This one is just about what you’d expect, although there’s really no big gap between the curve and the changeup, but there wasn’t in the previous chart either.
His curves are all slow, under 80, and blue. The rest are very mixed together, and I’d probably say show the same pattern, kind of kidney shaped. I’m not sure why that would be. Millwood and McCarthy also clustered their pitches better, look at the red dots on them and they are very close, whereas Loe is quite spread apart. Is it lack of consistency, or control?
I saved Vicente Padilla until after the first three, because I wanted to present them as kind of similar, with clusters of each pitch type, although somewhat spread apart in some cases. Padilla shows something completely different. He reportedly has a low-90s fastball, a curve, slider and changeup.
First, notice that this chart drops down to 55 mph, whereas the others didn’t go below 70. Padilla has a significant number of pitches down there, and they are presumably curveballs. Why he is so slow with them, I don’t know. But also notice that after the group of fastballs, the rest is a wide mish-mash, there is nothing grouped about these pitches at all. It looks like a waterfall. Is this his problem, lack of control, or lack of ability to throw it where he wants? It seems to me that apart from his fastball, the rest of the pitches he’s just throwing and hoping, without knowing where they will go. That would explain why he has been pummelled this year.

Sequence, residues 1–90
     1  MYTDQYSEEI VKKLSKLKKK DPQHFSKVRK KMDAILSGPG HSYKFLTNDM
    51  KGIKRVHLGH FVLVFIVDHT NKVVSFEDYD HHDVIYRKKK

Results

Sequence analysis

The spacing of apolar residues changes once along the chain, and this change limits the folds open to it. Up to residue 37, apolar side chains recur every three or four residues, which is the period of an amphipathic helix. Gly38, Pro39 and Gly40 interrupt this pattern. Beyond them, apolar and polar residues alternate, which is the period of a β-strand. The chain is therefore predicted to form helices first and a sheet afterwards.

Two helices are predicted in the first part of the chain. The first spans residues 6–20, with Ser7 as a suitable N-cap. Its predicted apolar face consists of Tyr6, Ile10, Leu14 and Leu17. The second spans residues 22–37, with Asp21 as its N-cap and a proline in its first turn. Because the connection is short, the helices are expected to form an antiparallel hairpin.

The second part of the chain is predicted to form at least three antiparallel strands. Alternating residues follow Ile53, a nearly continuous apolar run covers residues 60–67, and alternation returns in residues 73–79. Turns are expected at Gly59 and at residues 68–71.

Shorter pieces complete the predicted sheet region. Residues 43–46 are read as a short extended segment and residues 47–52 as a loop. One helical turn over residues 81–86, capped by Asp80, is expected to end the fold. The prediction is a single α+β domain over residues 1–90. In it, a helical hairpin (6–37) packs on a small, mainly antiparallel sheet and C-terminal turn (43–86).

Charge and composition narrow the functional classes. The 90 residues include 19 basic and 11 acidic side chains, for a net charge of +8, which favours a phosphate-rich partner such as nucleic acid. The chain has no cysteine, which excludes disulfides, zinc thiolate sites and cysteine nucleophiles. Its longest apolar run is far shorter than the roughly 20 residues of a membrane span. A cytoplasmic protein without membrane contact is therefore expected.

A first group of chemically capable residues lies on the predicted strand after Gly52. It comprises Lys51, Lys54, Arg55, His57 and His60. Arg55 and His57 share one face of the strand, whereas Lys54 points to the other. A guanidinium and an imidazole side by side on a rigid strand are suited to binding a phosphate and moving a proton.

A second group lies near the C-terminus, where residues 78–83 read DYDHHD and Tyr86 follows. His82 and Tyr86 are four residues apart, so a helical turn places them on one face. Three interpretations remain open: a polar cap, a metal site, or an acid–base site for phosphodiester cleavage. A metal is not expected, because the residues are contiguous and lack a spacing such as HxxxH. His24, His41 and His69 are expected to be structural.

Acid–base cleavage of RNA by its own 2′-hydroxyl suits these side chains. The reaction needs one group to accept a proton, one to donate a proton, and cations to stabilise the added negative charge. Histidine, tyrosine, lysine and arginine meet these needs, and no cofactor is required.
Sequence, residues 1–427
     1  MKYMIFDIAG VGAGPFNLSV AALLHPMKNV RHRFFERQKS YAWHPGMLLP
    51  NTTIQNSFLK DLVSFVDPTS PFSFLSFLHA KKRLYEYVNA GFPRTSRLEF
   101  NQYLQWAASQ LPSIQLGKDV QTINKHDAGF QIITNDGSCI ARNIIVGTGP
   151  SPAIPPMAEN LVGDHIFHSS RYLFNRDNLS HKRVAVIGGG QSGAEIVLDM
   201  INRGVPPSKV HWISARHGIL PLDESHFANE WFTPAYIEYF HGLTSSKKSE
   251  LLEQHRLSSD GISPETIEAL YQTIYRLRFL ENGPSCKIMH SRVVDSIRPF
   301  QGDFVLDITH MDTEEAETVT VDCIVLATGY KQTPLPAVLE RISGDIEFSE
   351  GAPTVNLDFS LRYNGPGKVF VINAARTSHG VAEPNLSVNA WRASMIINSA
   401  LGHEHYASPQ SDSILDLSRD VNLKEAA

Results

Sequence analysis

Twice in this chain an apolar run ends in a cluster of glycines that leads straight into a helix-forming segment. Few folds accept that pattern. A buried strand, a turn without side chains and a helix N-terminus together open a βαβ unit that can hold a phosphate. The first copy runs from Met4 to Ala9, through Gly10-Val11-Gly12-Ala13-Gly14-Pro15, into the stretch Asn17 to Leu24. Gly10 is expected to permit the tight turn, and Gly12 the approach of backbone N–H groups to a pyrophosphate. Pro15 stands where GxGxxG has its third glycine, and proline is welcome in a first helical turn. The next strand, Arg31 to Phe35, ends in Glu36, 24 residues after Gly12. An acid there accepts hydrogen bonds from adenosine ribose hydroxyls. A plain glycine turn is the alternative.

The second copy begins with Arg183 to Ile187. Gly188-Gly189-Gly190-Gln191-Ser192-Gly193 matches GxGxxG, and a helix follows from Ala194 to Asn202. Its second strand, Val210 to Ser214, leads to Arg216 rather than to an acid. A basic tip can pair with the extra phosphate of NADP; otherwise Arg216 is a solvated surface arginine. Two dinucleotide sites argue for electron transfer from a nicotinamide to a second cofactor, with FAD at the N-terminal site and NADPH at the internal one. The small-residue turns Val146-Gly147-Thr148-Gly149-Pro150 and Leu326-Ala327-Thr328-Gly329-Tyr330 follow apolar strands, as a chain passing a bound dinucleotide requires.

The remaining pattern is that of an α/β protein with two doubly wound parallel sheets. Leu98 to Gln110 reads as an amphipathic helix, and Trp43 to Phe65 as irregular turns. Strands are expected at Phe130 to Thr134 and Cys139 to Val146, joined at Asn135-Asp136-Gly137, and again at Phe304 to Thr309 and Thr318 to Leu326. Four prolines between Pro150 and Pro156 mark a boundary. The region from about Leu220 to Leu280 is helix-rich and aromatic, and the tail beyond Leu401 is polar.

Okay, look a little closer. Between about 72 and 80 mph there is a group of blue dots on the left, in the middle of the red, and vice versa on the other side. That is probably one of his other pitches, but is it the slider or changeup? Too hard for me to tell from this. If the rest of them are curves though, then he’s throwing his curve anywhere from 55 to 80 mph, and I don’t believe that. It would be such a wide range to be throwing one pitch in. Also, note that his fastball is running from about 88 to 98. That’s serious heat. But just like Loe, it appears he is relying on it too much.
Now look at this one. Big cluster of fastballs at the top. Long tail of curves at the bottom. But right there in the middle, in the 75-80 mph range, you can see two distinct groups. One could be the top of the curves, but the other, to the left, is something else. Slider or change?